Sometimes a comedy can take you by surprise. I was intrigued by the high concept behind the Game Night, but I wasn’t entirely sold on the film because of my trepidation concerning the directing duo of John Francis Daley and Jonathan Goldstein. While I’ve liked the duo’s screenwriting work on Horrible Bosses and Spider-Man: Homecoming, I found their Vacation reboot to be one of the more painful comedies to sit through in recent memory. It turns out the directing duo have really found their rhythm with Game Night, which makes the most of its concept and consistently delivers plenty of big laughs thanks to the dedicated performances of its ensemble cast.
Max (Jason Bateman) and Annie (Rachel McAdams) are a highly competitive couple. They met at a bar trivia night and have since found themselves happily married despite their inability to have a child. Max has lived his life in the shadow of his highly successful older brother Brooks (Kyle Chandler), who just happens to be travelling into town ahead of their weekly game night. Their typical group of friends assemble for an evening of drinking and gaming. There’s the thick-headed and handsome Ryan (Billy Magnussen) who brings a different young woman every week; there’s also the married couple Kevin (Lamorne Morris) and Michelle (Kylie Bunbury), middle school sweethearts that are happily married. On the outside, though, is the awkward and recently divorced police officer Gary (Jesse Plemons). At the conclusion of the evening, Brooks demands that he hosts next week’s game night.
The next week and everyone gathers at Brooks’ lavish home, this time Ryan has brought his co-worker Sarah (Sharon Horgan) as his date, even though she’s slightly older than the typical youthful bimbos he brings each week. The game that they’re playing involves a staged kidnapping of a single guest and the piecing together of clues to solve the mystery. The winner will receive the keys to Brooks’ classic sports car. However, before the game can begin in earnest, masked bandits bust into the home and kidnap Brooks for real, leaving the contestants to unwittingly engage in evening of real crime solving.
There’s a level of skill on display in every facet of Game Night’s comedy of errors. The script by Mark Perez crackles with hilarious situations accentuated by snappy dialogue. John Francis Daley and Jonathan Goldstein bring a crisp visual style to the comedic hijinks, resulting in the rare modern comedy that doesn’t suffer from choppy editing due to an over reliance on improvisation. Finally, the cast brings such conviction to each of their characters that they’re able to bring them each to life without dwelling excessively on their backstory. The culmination of all these aspects means that Game Night is the kind of comedy that consistently delivers the laughs with astonishing consistency, and never relying on a particular type of gag. Sure, a couple of the jokes fall flat here and there, but there are never any extended stretches of the film that devoid of humor.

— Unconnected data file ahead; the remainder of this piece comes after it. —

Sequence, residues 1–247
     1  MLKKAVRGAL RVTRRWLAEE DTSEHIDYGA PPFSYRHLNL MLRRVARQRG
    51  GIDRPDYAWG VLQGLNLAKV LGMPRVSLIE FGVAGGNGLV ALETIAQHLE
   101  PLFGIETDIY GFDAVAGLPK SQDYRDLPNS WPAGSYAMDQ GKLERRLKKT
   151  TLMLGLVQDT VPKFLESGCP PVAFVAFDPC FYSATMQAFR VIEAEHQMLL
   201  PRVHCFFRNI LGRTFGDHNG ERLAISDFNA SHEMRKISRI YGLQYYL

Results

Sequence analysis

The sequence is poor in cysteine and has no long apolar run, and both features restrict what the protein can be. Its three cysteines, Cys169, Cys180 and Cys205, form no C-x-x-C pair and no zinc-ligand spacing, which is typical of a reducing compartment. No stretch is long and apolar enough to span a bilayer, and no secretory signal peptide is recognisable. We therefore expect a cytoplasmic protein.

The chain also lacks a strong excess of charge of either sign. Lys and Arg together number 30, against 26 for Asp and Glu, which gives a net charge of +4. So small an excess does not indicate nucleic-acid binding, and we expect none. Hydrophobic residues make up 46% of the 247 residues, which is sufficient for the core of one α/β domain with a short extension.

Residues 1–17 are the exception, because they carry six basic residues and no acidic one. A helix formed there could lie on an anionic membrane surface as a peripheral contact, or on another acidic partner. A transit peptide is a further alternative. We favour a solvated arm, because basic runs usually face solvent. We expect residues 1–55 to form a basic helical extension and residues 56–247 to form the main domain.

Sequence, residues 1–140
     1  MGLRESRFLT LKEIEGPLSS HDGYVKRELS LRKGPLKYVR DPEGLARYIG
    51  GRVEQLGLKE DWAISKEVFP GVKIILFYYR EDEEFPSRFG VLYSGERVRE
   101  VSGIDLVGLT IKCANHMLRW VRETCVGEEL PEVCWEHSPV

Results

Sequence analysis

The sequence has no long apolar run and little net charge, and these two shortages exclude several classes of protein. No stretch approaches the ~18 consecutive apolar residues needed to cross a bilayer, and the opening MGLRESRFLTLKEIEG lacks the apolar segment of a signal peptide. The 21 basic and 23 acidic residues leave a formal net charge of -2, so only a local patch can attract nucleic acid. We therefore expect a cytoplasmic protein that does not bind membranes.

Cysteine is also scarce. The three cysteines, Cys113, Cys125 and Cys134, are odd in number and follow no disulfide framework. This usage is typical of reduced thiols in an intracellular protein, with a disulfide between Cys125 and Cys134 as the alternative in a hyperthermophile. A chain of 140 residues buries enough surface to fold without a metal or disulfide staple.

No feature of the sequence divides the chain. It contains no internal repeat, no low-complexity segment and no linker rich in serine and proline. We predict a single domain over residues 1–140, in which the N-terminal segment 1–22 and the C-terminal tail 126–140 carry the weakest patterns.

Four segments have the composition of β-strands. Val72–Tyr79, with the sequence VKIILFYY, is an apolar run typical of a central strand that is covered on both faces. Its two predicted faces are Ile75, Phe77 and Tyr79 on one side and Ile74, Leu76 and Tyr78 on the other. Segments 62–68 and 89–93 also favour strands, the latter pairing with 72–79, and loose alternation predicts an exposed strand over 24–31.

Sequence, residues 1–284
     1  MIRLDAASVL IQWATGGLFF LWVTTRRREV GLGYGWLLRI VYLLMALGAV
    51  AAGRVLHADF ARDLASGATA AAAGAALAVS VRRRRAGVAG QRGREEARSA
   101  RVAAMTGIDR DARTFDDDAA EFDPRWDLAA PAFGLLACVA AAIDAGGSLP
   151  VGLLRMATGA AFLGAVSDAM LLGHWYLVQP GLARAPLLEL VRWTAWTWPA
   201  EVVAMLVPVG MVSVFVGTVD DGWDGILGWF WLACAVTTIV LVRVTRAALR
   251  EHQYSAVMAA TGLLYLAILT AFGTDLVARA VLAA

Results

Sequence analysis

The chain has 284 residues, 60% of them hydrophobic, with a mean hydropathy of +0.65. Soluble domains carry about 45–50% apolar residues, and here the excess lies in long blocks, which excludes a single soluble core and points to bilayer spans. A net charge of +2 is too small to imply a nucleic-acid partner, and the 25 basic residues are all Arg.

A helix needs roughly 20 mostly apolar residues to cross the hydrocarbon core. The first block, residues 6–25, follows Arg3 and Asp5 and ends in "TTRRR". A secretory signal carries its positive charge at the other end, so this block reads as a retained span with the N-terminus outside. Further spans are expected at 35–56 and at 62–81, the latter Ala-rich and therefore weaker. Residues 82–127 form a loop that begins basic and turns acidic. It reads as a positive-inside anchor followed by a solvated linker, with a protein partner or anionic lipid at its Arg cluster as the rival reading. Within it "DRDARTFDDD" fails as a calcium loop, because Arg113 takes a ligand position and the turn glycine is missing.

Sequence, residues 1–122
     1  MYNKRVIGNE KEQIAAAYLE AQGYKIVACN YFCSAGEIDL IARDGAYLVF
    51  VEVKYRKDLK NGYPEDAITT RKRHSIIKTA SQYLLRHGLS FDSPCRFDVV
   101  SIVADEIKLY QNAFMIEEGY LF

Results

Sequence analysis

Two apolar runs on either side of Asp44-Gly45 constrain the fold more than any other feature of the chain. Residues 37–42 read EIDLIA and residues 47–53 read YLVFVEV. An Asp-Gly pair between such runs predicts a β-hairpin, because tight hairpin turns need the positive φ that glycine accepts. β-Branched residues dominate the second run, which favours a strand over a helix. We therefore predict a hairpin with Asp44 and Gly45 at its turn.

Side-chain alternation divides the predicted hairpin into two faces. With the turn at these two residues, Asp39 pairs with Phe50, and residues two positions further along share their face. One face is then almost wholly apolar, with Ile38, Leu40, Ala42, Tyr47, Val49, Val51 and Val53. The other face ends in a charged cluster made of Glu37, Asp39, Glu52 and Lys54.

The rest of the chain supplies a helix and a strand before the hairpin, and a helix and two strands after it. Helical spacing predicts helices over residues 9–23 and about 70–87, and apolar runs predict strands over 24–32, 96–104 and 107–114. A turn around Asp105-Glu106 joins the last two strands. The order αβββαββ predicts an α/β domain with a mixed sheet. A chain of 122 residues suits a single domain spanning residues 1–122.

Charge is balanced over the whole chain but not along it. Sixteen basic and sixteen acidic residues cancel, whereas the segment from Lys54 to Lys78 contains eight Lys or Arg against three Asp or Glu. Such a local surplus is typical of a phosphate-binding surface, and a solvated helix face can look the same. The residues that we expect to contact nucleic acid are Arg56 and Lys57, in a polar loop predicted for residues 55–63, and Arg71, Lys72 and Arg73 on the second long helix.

It’s amazing just how well the ensemble cast brings Game Night to such life. Jason Bateman does his normal shtick, so there aren’t many surprises there but he is his reliable self. Relative newcomers Lamoren Morris and Kylie Bunbury get their moment to shine when some old secrets rise to the surface. Billy Magnussen excels as playing a complete dolt and Sharon Horgan’s interactions with her thick-headed date only amplify the hilarity. As great as everyone is, there are two MVPs in the cast of Game Night: Rachel McAdams and Jesse Plemons. McAdams plays Annie as someone whose competitive nature takes over, getting wrapped up in the moment so much that it takes her a while to realize the damage she’s just witnessed. Plemons, on the other hand, brings a detached loneliness to his divorced police officer. His line delivery is exaggerated and unsettling, yielding insanely effective comedic returns.
Game Night stands out as one of the first raucous comedies of 2018. It’s worth a roll of the dice to see the madcap hilarity first hand. All my apprehensions about the film have flown out the window. The thoroughly realized nature of Game Night has me incredibly excited to see what they do when given the reins of The Flash with Flashpoint. Game Night might run about ten minutes to long thanks to an extra little twist at the end, but even as it needlessly overextends itself there are still plenty of solid gags that keep the laughs coming. There’s a little tease at the end that suggests a sequel may be in the works and I certainly hope that doesn’t come to pass – they rolled a Yahtzee the first time around.
- Overall Score
Consistently hilarious, Game Night makes the most of its concept thanks to a tight script, strong direction, and a stellar ensemble cast with Rachel McAdams and Jesse Plemons stealing the show.